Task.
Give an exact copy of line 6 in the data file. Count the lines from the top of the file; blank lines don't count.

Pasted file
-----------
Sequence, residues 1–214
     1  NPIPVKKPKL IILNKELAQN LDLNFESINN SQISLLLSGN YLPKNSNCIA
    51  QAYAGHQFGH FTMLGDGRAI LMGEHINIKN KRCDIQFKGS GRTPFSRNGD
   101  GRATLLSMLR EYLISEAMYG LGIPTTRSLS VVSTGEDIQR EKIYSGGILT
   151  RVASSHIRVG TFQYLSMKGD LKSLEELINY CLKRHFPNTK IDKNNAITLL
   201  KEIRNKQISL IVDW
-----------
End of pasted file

   201  KEIRNKQISL IVDW